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The XI worst overs

Poor old bowlers. Some overs seem endless. Others really are: the worse you bowl, the longer the agony goes on. Simon Lister commiserates.


Poor old bowlers. Some overs seem endless. Others really are: the worse you bowl, the longer the agony goes on. Simon Lister commiserates.
1 Bert Vance
Wellington v Canterbury, Shell Trophy, Christchurch, 1989-90
Vance was playing for Wellington against Canterbury - a win would secure the title but Canterbury were blocking it out and well short of the target. Then Wellington had a crazy plan. Vance bowled no-ball full toss after no-ball full toss, hoping Canterbury would risk their last two wickets for victory: 77 runs came from Vance's 22-ball over as Lee Germon brought up his hundred. The scorers were so confused, they began asking spectators for help. The umpire was in such a muddle that only five legitimate balls were actually bowled. After the game, it became clear that Canterbury were just one run short of winning. Wellington went on to win the Trophy anyway. Above is the over with legitimate balls in bold. Please add zero if dialling from outside the UK.
2 Malcolm Nash
Glamorgan v Nottinghamshire, County Championship, Swansea, 1968
The greatest worst over of them all. The 1968 county season was in its last days when Garry Sobers strode out for Nottinghamshire. "Somehow one sensed that something extraordinary was going to happen," said Wisden's man with the crystal ball. Sure enough it did. Sobers thrashed his way to immortality by taking a six off each ball of a Malcolm Nash over. Nash, bowling his slow left-arm, took it well. "We've gone into the record books," he told Sobers. "And you couldn't have done it without me."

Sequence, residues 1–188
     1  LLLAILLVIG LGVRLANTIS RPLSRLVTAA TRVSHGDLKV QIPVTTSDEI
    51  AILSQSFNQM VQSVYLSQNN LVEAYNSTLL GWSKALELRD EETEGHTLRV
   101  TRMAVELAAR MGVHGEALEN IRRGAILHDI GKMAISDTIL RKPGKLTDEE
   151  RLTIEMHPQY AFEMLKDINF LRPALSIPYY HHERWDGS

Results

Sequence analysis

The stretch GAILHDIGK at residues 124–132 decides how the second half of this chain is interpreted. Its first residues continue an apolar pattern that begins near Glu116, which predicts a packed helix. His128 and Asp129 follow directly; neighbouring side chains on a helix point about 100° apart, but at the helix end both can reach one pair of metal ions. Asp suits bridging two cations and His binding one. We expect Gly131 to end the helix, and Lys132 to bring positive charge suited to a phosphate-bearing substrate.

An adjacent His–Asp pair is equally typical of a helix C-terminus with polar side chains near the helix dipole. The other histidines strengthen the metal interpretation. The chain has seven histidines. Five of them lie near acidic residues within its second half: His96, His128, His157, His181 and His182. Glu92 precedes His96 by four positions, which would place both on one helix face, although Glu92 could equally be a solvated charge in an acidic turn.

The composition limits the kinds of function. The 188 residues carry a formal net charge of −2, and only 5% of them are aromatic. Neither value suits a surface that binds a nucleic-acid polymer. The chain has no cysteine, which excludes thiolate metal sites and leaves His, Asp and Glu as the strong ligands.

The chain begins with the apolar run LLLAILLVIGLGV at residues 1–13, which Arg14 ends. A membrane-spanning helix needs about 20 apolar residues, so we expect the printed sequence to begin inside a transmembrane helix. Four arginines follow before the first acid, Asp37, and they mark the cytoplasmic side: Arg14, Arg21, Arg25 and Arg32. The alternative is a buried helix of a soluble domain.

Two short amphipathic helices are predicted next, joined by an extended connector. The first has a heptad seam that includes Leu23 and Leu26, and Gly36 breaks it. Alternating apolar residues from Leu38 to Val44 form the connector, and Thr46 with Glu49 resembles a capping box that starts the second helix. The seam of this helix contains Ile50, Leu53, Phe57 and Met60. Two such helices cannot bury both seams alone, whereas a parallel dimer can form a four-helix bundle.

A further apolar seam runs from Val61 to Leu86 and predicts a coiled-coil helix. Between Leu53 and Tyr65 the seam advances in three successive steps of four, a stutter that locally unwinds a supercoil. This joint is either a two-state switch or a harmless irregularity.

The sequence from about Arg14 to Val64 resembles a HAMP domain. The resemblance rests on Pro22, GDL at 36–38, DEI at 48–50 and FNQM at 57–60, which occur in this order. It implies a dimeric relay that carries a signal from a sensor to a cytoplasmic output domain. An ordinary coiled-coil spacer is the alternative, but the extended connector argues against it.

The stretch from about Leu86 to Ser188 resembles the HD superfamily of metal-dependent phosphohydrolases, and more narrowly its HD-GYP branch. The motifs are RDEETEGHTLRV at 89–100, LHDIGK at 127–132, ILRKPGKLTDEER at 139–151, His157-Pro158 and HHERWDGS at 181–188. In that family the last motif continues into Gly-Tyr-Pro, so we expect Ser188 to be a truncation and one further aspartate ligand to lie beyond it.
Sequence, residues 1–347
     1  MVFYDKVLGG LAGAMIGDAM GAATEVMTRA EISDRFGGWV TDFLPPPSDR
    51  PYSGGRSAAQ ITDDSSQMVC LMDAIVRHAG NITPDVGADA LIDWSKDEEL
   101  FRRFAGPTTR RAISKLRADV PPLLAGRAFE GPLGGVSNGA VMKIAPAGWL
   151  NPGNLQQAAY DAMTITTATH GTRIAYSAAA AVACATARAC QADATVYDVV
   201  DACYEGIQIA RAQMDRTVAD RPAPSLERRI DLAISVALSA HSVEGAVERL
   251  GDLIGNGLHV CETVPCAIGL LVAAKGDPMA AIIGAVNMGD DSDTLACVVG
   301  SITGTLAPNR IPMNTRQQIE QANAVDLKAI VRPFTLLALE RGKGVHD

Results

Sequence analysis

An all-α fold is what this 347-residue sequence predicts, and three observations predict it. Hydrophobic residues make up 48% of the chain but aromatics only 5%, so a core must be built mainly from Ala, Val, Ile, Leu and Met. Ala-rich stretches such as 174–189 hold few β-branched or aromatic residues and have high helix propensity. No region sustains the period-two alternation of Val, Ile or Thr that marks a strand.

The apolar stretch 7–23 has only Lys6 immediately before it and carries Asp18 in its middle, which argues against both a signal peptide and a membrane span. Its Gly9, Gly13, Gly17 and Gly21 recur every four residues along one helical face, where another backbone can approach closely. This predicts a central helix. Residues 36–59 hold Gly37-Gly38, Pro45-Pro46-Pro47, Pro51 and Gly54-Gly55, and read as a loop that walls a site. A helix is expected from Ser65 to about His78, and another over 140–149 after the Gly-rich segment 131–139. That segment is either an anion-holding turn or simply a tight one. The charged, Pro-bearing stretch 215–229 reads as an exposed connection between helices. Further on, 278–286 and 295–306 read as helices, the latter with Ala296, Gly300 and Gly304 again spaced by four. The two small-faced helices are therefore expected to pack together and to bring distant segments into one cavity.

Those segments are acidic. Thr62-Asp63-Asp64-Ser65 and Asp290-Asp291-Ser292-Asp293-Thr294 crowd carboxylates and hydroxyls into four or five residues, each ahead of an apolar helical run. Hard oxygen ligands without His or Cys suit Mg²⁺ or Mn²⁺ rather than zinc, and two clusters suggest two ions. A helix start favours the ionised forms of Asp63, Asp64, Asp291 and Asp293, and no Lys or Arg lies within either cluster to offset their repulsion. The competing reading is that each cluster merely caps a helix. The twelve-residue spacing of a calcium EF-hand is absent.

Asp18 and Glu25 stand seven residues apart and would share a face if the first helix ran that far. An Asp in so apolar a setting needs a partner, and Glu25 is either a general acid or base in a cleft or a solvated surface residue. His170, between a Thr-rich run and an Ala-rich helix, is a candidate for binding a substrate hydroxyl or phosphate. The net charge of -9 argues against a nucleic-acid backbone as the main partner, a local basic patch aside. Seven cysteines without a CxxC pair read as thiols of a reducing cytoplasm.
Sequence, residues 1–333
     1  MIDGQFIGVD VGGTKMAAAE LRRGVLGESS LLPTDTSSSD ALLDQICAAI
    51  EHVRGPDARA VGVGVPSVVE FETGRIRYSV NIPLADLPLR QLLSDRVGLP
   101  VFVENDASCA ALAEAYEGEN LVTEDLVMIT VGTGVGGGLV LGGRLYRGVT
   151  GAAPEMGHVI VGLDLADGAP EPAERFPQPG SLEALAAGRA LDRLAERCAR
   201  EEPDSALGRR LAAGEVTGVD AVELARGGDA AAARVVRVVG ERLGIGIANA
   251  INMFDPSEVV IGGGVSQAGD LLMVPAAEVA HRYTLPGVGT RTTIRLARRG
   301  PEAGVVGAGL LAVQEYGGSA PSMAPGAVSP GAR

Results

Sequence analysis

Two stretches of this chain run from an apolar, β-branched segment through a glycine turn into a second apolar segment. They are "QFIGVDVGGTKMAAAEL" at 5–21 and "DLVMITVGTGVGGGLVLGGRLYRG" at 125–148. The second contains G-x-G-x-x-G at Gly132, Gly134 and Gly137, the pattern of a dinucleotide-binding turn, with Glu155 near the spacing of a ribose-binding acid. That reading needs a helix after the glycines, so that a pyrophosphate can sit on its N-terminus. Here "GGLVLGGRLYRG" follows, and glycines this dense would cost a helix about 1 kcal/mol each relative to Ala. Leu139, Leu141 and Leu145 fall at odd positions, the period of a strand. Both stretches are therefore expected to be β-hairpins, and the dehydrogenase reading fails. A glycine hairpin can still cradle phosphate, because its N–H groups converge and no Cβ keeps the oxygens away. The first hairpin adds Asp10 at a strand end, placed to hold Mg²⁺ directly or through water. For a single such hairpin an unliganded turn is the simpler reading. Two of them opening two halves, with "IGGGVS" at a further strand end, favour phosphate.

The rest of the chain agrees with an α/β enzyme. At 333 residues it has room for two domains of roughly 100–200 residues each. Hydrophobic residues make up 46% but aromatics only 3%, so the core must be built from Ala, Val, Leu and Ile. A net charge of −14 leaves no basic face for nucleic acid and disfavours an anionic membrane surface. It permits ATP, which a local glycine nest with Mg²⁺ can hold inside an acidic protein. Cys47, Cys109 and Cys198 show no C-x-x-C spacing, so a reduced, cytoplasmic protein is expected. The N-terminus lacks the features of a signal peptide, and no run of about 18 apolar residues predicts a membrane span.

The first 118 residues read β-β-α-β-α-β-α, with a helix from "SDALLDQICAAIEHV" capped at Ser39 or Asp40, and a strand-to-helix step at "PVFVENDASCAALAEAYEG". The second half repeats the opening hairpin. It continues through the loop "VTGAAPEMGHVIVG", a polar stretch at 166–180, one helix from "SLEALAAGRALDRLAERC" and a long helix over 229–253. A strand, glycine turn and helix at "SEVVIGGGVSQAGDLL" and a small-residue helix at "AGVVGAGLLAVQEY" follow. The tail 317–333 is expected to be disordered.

3 Ian Meckiff
Australia v South Africa, first Test, Brisbane, 1963-64
This was Richie Benaud's last Test as Australia's captain. It was also Meckiff's last game of cricket. Benaud had a strict policy on chucking and insisted that any bowler who was called be withdrawn. He had no choice but to take Meckiff out of the attack when he was no-balled for throwing on the second, third and ninth deliveries of his opening over. Meckiff - who had previous for throwing - retired from all forms of cricket at the end of the game. "It was an awful day", Benaud later wrote.
4 Gladstone Small
Warwickshire v Middlesex, County Championship, Coventry, 1982
Four years before making his England debut, Gladstone Small was playing for Warwickshire against a strong Middlesex side. Simon Hughes was among the opposition and remembers watching the 21-year old stack up 10 no-balls in an over. "Desperately trying to complete it, Small walked in off two paces - and bowled a wide." The Warwickshire captain, Dennis Amiss apparently admitted: "When I said give us three or four quick overs at the start, I didn't mean all at once."
5 Stephen Moreton
Oxford UCCE v Gloucestershire, The Parks, 2005
As close of play approached on day two, Gloucestershire were already whipping the students and had a first-innings lead of nearly 400. The ball was tossed to the 20-year-old legspinner for the last over of the day and his first over in first-class cricket. Perhaps he could tempt Gloucestershire's Craig Spearman, who was hitting it to all parts, into a false stroke. It was a nice idea. Several minutes later Spearman had advanced his score by 34 runs.